15. 78 FR 67215 - Norfolk Southern Railway Company-Abandonment Exemption-in Fayette and Wayne Counties, Ind.; C&NC...

    Federal Register 2010, 2011, 2012, 2013, 2014

    2013-11-08

    ... protects affected employees, a petition for partial revocation under 49 U.S.C. 10502(d) must be filed. Provided no formal expression of intent to file an offer of financial assistance (OFA) has been...

  16. Symposium on Parallel Computational Methods for Large-scale Structural Analysis and Design, 2nd, Norfolk, VA, US

    NASA Technical Reports Server (NTRS)

    Storaasli, Olaf O. (Editor); Housner, Jerrold M. (Editor)

    1993-01-01

    Computing speed is leaping forward by several orders of magnitude each decade. Engineers and scientists gathered at a NASA Langley symposium to discuss these exciting trends as they apply to parallel computational methods for large-scale structural analysis and design. Among the topics discussed were: large-scale static analysis; dynamic, transient, and thermal analysis; domain decomposition (substructuring); and nonlinear and numerical methods.

  17. Geothermal energy development in the eastern United States geothermal space heating - Naval Air Rework Facility, Norfolk, Virginia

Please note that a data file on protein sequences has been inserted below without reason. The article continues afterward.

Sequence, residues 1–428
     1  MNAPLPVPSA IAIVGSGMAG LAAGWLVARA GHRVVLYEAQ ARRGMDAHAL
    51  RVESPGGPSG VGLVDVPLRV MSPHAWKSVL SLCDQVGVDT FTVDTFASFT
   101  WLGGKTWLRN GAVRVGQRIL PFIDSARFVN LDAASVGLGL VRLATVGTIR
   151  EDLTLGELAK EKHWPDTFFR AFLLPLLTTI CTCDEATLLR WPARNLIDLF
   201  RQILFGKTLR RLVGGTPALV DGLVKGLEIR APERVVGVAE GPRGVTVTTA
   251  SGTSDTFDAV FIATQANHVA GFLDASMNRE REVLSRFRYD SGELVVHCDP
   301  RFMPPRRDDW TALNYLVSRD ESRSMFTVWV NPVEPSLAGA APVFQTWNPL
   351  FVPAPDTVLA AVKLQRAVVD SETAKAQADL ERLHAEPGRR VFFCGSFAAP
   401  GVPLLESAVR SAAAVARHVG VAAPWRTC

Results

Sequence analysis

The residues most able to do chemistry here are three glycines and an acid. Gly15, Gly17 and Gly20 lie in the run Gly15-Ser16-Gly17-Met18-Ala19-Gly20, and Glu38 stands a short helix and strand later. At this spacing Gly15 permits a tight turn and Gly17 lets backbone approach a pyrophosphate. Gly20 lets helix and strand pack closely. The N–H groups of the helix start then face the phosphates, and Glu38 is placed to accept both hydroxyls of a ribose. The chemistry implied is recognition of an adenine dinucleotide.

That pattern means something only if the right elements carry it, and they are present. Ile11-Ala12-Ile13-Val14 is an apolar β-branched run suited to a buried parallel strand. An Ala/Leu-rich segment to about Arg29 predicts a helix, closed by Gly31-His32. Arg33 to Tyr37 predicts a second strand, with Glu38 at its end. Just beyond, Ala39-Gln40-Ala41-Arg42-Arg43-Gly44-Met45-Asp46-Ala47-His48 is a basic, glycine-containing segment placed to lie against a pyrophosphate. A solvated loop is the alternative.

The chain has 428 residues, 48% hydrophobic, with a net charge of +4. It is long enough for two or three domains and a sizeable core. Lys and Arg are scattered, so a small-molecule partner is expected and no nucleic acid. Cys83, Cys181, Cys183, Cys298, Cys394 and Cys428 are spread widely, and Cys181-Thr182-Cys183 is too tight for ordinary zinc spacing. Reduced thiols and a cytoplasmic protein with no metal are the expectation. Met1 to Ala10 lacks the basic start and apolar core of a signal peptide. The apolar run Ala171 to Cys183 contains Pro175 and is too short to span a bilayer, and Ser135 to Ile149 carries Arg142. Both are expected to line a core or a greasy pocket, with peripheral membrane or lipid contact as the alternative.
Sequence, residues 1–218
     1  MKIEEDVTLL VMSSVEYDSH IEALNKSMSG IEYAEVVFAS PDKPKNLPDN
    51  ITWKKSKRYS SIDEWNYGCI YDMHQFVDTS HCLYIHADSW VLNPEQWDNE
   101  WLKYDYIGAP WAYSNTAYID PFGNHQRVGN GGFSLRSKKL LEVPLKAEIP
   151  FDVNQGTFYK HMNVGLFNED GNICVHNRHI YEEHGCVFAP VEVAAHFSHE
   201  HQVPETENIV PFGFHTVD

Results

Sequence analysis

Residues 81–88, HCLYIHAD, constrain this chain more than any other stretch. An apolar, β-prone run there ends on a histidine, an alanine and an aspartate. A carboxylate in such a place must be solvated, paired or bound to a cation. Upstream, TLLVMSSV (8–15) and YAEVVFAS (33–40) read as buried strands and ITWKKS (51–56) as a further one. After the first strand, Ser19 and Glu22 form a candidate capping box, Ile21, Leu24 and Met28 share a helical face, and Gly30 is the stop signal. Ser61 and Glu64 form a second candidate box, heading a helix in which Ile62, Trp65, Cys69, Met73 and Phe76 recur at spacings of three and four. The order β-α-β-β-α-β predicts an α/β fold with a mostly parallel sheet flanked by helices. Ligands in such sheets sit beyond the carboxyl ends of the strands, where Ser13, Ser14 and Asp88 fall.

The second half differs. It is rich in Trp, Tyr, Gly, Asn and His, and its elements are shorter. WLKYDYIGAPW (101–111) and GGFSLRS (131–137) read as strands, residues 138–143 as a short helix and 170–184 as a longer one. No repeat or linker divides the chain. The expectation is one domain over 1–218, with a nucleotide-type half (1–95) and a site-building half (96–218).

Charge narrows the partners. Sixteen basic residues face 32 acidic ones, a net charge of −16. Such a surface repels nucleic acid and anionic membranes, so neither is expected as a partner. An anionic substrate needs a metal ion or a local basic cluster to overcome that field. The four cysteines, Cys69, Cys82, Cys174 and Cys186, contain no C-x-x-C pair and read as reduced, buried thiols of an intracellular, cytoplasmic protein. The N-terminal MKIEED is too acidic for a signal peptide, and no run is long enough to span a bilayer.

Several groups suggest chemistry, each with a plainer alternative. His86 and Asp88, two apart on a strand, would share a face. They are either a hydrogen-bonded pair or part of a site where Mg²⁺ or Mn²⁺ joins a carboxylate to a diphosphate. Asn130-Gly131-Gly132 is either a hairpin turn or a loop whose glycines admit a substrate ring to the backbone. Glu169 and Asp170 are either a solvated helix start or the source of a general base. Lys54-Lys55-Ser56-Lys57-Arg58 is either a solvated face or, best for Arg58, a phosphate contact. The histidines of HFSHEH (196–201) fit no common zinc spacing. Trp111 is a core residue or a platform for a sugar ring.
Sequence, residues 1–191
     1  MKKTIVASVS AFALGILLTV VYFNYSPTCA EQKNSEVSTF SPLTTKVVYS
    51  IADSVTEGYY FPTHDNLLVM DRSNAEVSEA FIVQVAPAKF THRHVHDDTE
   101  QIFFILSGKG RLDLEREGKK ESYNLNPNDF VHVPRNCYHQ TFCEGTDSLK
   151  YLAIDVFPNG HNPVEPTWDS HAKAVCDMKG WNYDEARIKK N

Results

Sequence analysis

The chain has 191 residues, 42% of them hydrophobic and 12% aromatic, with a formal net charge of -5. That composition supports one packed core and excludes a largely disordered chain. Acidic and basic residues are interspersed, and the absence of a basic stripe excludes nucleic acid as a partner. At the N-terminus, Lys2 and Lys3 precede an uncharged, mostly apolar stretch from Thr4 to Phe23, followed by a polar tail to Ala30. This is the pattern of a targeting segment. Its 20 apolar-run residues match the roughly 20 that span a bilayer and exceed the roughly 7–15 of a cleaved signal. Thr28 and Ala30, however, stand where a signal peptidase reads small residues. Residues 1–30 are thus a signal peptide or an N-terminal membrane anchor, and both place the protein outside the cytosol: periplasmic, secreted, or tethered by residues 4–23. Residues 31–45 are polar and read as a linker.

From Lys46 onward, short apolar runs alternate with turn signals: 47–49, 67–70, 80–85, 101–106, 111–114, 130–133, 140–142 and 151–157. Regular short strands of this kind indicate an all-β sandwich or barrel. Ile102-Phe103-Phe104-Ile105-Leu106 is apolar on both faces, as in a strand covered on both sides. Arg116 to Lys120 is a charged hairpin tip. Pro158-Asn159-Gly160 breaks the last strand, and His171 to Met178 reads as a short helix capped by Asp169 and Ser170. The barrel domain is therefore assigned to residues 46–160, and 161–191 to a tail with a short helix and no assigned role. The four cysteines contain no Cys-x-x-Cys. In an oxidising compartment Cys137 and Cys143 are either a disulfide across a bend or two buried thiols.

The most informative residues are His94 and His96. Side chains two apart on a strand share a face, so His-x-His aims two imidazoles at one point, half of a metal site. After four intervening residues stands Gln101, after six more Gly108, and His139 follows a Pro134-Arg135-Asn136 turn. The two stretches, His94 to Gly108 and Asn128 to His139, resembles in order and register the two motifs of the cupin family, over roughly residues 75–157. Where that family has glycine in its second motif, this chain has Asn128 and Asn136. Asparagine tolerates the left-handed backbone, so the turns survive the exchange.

NASA Astrophysics Data System (ADS)

    Hill, F. K.; Henderson, R. W.

    1980-06-01

    The technical and economic feasibility of using geothermal energy for space heating the Naval Air Rework Facility (NARF) electronic integration hangar was evaluated. The warm water output from a single well was used in several modes: to heat via a floor radiation system or via heat pumps, with and without a ground water reservoir to store heat in off hours.

  18. 78 FR 18677 - Nittany and Bald Eagle Railroad Company-Temporary Trackage Rights Exemption-Norfolk Southern...

    Federal Register 2010, 2011, 2012, 2013, 2014

    2013-03-27